Your diamond is warranted against loss from the original mounting for the lifetime of the purchaser, providing it is examined at least every six months by a (jeweler’s name) authorized inspector and documented on this certificate.  This warranty covers only loss, which is incurred through normal wear, and any unusual damage or accidental mishap will nullify this protection.  Prongs must be intact and not separated, and any necessary repairs found during inspection must be made by (jeweler’s name) at the consumer’s expense.  In the event of loss, (jeweler’s name) will replace your diamond with another of equal value. ($5,000 maximum merchandise liability)

Take a close look at this warranty from the consumer’s perspective.

  • The consumer must pay for regular maintenance found at the six-month inspections or they void the warranty.  The jeweler decides what is required, even if it is new mounting, or they can void the warranty.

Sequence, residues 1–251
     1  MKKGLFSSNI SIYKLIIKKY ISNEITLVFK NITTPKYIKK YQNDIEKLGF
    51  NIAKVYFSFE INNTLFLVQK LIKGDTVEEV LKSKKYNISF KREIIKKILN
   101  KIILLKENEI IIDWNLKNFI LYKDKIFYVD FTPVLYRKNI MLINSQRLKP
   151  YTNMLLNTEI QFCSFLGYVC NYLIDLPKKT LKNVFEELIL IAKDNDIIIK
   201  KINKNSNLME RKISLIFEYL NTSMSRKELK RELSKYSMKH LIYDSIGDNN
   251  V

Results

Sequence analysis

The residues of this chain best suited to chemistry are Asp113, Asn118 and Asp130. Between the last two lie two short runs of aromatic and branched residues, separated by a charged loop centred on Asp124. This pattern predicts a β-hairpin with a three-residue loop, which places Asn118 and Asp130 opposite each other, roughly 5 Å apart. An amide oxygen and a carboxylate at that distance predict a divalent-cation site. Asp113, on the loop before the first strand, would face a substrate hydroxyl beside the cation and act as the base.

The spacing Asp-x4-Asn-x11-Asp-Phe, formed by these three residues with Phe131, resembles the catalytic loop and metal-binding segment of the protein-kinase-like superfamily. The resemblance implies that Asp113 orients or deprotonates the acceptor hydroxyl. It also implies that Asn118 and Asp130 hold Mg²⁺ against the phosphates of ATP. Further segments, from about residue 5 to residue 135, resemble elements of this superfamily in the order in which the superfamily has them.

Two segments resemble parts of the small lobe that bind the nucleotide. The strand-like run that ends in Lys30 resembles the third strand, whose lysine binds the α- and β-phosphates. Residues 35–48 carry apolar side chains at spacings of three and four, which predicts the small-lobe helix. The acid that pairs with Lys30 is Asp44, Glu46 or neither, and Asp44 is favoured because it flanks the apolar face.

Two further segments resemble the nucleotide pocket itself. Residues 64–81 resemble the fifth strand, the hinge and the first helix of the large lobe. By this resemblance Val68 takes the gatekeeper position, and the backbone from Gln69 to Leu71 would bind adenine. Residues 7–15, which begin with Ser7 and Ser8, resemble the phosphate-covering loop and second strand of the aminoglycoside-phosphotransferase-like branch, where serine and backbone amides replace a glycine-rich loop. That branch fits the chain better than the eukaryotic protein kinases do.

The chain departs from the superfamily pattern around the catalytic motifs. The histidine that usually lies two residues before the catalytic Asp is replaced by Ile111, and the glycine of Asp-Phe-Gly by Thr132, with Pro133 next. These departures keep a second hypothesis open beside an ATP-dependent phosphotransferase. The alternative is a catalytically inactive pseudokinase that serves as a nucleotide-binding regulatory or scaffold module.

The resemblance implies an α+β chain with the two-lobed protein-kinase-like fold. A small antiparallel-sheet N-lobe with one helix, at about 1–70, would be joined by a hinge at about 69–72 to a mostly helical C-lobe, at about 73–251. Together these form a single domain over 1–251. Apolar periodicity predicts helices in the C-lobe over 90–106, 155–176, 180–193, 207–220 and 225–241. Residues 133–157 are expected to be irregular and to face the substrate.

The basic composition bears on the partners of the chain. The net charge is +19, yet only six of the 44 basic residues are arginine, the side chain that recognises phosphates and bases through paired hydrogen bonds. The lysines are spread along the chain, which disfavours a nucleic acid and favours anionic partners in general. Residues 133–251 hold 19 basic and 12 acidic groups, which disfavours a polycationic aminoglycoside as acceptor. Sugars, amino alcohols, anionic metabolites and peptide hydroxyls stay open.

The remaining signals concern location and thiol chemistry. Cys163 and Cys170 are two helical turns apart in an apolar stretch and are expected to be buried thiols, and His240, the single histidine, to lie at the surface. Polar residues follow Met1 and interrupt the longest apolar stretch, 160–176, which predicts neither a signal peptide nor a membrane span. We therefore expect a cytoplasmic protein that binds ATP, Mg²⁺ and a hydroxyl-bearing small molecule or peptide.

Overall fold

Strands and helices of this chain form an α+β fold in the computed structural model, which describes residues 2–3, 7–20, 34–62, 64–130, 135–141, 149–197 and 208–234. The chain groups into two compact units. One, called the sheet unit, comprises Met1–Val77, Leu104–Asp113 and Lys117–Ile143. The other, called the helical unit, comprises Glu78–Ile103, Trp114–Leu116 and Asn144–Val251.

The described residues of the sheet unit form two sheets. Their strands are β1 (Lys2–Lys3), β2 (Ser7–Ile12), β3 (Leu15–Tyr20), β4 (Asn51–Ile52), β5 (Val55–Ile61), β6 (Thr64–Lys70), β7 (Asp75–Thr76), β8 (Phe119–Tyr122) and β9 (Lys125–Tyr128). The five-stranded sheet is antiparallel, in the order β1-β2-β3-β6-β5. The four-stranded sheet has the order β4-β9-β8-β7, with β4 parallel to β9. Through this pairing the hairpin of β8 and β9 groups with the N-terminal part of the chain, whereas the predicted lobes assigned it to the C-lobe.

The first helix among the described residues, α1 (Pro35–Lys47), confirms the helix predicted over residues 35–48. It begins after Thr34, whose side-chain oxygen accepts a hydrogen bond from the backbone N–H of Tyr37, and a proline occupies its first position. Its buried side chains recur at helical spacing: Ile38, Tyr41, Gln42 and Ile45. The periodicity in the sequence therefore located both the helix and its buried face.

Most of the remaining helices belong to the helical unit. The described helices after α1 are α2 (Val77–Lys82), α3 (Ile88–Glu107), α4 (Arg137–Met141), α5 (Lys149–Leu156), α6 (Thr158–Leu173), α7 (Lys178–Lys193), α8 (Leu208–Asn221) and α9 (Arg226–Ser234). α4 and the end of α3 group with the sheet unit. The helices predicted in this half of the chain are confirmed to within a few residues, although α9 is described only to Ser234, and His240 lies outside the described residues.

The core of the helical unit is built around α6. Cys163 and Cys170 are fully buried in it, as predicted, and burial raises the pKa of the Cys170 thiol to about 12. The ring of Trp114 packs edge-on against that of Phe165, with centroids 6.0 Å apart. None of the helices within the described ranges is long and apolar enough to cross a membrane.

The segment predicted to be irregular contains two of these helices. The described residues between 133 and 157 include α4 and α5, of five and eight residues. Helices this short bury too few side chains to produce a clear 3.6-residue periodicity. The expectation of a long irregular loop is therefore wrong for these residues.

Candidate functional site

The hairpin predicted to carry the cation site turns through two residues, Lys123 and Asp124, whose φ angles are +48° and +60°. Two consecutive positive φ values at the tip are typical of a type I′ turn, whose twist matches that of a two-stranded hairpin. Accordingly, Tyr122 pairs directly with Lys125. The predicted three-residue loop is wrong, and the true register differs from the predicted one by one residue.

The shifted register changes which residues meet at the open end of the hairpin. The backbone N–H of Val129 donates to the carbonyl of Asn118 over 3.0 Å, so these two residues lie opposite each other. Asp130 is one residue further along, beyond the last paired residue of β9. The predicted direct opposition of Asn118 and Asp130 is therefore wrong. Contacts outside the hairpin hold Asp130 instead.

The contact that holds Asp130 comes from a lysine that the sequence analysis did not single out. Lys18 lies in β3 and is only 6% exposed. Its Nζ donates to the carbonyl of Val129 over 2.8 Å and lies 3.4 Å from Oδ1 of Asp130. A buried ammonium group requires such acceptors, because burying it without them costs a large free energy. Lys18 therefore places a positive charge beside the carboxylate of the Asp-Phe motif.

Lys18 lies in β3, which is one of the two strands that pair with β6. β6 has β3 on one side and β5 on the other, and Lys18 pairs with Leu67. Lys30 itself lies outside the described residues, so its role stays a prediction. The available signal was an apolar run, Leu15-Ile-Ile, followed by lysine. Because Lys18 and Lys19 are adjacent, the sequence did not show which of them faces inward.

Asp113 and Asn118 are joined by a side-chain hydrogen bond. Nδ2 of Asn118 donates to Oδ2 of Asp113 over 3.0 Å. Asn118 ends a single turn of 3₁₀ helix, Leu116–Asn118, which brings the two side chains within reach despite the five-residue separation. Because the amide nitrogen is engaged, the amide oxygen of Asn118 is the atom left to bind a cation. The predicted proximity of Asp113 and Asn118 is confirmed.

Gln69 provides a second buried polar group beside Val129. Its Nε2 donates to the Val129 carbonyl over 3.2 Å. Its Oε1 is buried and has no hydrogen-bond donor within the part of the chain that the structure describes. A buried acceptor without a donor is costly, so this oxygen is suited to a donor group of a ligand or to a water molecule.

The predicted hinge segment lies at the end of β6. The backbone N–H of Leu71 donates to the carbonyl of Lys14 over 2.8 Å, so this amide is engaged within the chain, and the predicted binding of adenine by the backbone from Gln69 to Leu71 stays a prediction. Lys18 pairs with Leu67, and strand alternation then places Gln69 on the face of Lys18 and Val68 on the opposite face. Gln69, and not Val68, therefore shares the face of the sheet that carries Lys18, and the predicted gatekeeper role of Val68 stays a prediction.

• The jeweler defines “normal wear” so any “unusual” wear voids the warranty.
  • An accident voids the warranty so any event the consumer did not intend to do will void the warranty.  Can you think of what could happen to damage an item of jewelry that does not include “unusual damage or accidental mishap?”
  • If the prongs are not intact or are separated (bent), the warranty is not valid.  The real question is how can the diamond be lost if the prongs are intact and not bent?  The language of the warranty excludes everything that could happen to cause the loss of the diamond if the prongs have to be intact and unbent.
  • The warranty implicitly excludes loss, theft, or damage, which are covered by jewelry insurance.
  • It is obvious that the lifetime warranty is a valuable marketing gimmick for the jeweler, but what value is this warranty to the consumer?

In other words, the only thing they “might” cover is the jeweler’s negligence.  Jewelry insurance covers all the things that typically happen to jewelry (loss, theft or damage) and the jeweler’s “warranty” covers none of it.  The biggest loser is the shopper who does not get insurance because they believed they were covered by the guarantee.  They are in for a rude awakening if anything ever happens to their jewelry item.


Aber Diamond Is Now Harry Winston Corporation